So before we determine what happened to Jesus, we must understand what happened to Jonah, because Jesus claimed that the same miracle would be repeated. What was the Sign of Jonah? Did he die in the belly of the fish and was he later on revived from death? There is unanimity among all Christian, Jewish and Muslim scholars that Jonah did not die in the belly of the fish. He precariously hung between life and death and was miraculously saved from that situation; while any other person in his place would have died. Yet some subtle laws of nature, under the Divine command, must have conspired together to save him from death. Remember, we are not debating the issue of that being possible or not. We are only pointing out that Jesus, when he pointed out that the like of what happened to Jonah would also happen to him, he could only have meant that what everyone understood to have occurred in the case of Jonah would occur in his case. No one in the entire world of Judaism, whether in the land of Judea or anywhere else the Jews had dispersed and settled, would have received a different message from this claim of Jesus. They all believed that Jonah, miraculously or otherwise, survived for three days and nights in the belly of the fish and did not die in that period for a single moment. Of course we have our own reservations regarding this view. The story of Jonah as told to us in the Quran does not mention anywhere that it was for three days and nights that Jonah suffered his trials in the belly of the fish. However we return to the case in point and try to bring to light the actual similarities which were predicted by Jesus Christ between Jonah and himself. Those similarities spoke clearly of spending three days and nights in extremely precarious circumstances and a miraculous revival from near death, and not of coming back to life from the dead. The same, Jesus claimed, would happen in his case. (link)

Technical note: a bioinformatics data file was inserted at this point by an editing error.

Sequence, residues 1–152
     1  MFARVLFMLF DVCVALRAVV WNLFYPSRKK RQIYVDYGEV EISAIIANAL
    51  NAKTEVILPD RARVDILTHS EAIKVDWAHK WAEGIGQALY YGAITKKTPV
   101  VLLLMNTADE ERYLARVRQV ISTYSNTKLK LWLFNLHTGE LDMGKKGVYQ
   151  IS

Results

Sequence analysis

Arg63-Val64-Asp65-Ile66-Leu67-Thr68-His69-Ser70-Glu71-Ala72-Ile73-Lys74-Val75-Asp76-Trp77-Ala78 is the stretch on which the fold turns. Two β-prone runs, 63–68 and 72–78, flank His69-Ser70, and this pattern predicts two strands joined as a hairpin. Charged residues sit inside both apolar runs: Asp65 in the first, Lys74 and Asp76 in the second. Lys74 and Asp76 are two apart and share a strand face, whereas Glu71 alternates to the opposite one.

In using this passage, however, what Mirza Tahir Ahmad and the rest of the Ahmadis fail to recognize is that by citing this passage in support of the swoon theory, they miss the entire point of why Jesus said these words in the first place. The main point of Jesus’ reference to the sign of Jonah was to show a foreshadowing of events. This is a common literary device throughout the Old Testament, known to biblical scholars and theologians as “Typology”. Furthermore, it is a mistake to assume that every single detail of the story of Jonah coincides with what will happen to Jesus, as the reference is meant to point to parallels. Just to make this point clear, let us look at one of Jesus’ discourses while He was at the temple in Jerusalem:

So the Jews said to him, “What sign do you show us for doing these things?” Jesus answered them, “Destroy this temple, and in three days I will raise it up.” The Jews then said, “It has taken forty-six years to build this temple, and will you raise it up in three days?” But he was speaking about the temple of his body. When therefore he was raised from the dead, his disciples remembered that he had said this, and they believed the Scripture and the word that Jesus had spoken.
(John 2:18-22)

Similar to the allusion to the story of Jonah, the whole point of Jesus’ reference was to point towards His death and resurrection. This can quite easily be inferred from reading this passage in the light of numerous other passages throughout in the New Testament where Jesus clearly talks about His death and resurrection. For anybody to say that He implied otherwise would be twisting His words into something that is completely foreign to the mind of Christ.